FOR IMMEDIATE RELEASE: May 26, 2010
SCHUMER, CORNYN: PREPAID CELL PHONES HELP TERRORISTS LIKE TIMES SQUARE BOMBER EVADE DETECTION; SENATORS PROPOSE FIRST-EVER FEDERAL LAW TO REQUIRE PHONE COMPANIES TO KEEP RECORDS OF BUYERS' IDENTITIES
Unlike Regular Cell Phones or Landlines, Prepaid Phones Can Be Activated Without a Contract or Credit Check; Phone Companies Have No Idea Who User Is, and Neither Does Law Enforcement
Long Relied On By Gangs and Drug Kingpins, Hard-To-Trace Devices Are Staple For Terrorists, Too; 9/11 Hijackers Used Prepaid Phones To Carry Out Their Plots In Secret
Shahzad Was Caught Thanks To Random Break, But Usually Prepaid Phones Are Dead End For Authorities
WASHINGTON, DC—U.S. Senators Charles E. Schumer (D-NY) and John Cornyn (R-TX) announced first-of-its-kind federal legislation Wednesday that would help stop terrorists like the Times Square bomber from keeping their identities hidden from law enforcement by using prepaid cell phones to plot and coordinate their attacks. Under the new proposal, buyers of prepaid cell phones would be required to present identification at the point of sale, and phone companies would have to keep the buyers’ information on file as they already do with users of landline phones and subscription-based cell phones.
“This proposal is overdue because for years, terrorists, drug kingpins and gang members have stayed one step ahead of the law by using prepaid phones that are hard to trace. We caught a break in catching the Times Square terrorist, but usually a prepaid cell phone is a dead end for law enforcement. There’s no reason why it should still be this easy for terror plotters to cover their tracks,” Schumer said.
“Weeks ago, we came alarmingly close to a devastating terrorist attack in Times Square. A major lesson we’ve learned from the investigation and arrest of Faisal Shahzad is that we must require individuals purchasing a pre-paid cell phone in this country to provide verified indentifying information. While most Americans use pre-paid mobile devices lawfully, the anonymous nature of these devices gives too much cover to individuals looking to use them for deviant, dangerous means. It would be foolish to stand idly by while the risk remains that another terrorist or criminal could purchase a pre-paid phone leaving no paper trail. I was pleased to work with Sen. Schumer on this important legislation, which sends a clear message that those who purchase pre-paid mobile devices will no longer remain anonymous,” Cornyn said.
Although there are many legitimate users of prepaid cell phones, they have also become the communication device of choice for terrorists, drug lords and gang members interested in masking their identities. Since they can purchased and activated without signing a contract or undergoing a credit check, prepaid cell phones provide virtual anonymity.
Faisal Shahzad, the 30-year-old suspect in the Times Square terror plot, used a prepaid cell phone to arrange the purchase of the Nissan Pathfinder that he attempted to turn into a car bomb. He also used the phone to make a series of calls to Pakistan in the days leading up to the attack. Federal authorities were later able to track down Shahzad, but only thanks to a break: a number listed in the phone’s call log matched one provided to U.S. Customs officials when Shahzad reentered the U.S. from Pakistan months earlier. But for that stroke of luck, authorities might never have been able to match the phone number provided by the seller of the Pathfinder to Shahzad.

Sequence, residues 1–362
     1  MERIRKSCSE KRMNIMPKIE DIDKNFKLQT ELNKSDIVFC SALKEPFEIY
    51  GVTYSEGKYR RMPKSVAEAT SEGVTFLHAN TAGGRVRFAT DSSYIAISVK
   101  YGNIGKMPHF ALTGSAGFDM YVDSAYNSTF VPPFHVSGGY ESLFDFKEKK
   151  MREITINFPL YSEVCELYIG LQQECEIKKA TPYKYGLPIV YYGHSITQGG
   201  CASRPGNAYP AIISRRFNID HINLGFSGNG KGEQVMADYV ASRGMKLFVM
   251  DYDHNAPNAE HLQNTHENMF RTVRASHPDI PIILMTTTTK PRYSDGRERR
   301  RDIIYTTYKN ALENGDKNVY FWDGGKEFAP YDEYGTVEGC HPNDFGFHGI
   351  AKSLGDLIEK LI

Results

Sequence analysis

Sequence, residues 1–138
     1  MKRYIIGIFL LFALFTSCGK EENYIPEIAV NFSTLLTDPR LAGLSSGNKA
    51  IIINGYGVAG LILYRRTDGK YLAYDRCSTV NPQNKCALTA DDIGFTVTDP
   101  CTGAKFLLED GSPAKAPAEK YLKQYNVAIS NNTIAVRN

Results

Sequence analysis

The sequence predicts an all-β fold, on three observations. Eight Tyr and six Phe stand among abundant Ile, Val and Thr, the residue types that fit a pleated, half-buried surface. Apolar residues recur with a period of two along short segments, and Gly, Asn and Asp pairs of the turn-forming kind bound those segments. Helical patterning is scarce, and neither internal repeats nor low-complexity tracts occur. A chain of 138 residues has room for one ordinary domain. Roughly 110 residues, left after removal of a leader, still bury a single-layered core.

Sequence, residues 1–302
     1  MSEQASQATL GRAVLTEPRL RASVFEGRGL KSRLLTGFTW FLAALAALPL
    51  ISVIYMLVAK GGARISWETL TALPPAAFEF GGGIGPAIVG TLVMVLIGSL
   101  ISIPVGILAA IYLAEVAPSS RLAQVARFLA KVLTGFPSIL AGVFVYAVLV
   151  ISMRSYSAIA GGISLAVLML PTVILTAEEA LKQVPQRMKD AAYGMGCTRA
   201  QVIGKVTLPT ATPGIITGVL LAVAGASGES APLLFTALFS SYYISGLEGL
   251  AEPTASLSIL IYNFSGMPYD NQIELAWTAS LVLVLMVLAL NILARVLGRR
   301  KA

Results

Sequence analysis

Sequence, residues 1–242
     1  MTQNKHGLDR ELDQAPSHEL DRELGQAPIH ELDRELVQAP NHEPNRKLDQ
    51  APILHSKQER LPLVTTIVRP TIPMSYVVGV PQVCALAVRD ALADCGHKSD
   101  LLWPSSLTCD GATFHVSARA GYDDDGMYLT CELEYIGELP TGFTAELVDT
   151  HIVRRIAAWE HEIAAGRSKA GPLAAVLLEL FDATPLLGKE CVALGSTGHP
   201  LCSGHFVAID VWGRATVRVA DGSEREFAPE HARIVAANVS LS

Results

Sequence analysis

It is not new for terrorists to rely on prepaid cell phones. The 9/11 hijackers used them to communicate in the months prior to their attack. In a speech in 2002, FBI Director Robert Mueller cited the plotters’ use of the devices to show that they “managed to exploit loopholes and vulnerabilities in our systems, to stay out of sight, and to not let anyone know what they were up to beyond a very closed circle.”
Prepaid cell phones have also been used as detonation devices for bombs, as was the case in the attack on a Madrid train that killed 191 people in Spain in 2004.
In 2006, a wave of suspicious bulk purchases of prepaid cell phones led the FBI and Department of Homeland Security to issue a nationwide bulletin to local police calling attention to the trend and pointing out the potential links to terrorist activity. Stores such as Wal-Mart implemented policies limiting how many prepaid devices customers could purchase in a single visit.
In addition to terrorism cases, prepaid phones have long been used by other types of criminals, like drug sellers, mob figures and gang leaders. In 2009, they were even used by hedge fund managers and Wall Street executives implicated in the largest insider trading bust in U.S. history. In court papers, federal prosecutors detailed how traders from the Galleon Group hedge fund communicated with other executives through prepaid phones in order to try to evade potential wiretaps. In one instance, one suspect is described as having chewed the Subscriber Identity Module, or SIM card, until it snapped in half in order to destroy possible evidence.
Countries such as Australia, Germany, Indonesia, Japan, Malaysia, Norway, Singapore, South Africa, Switzerland, and Thailand already require registration of prepaid cell phone users due mainly to their use by terrorists.
In the U.S., laws requiring registration of prepaid cell phone users have been proposed in states including Texas, Massachusetts, Pennsylvania, Missouri, Georgia and South Carolina. But in light of the increased reliance of terrorists on the devices, Schumer and Cornyn said Wednesday it was time for a federal response.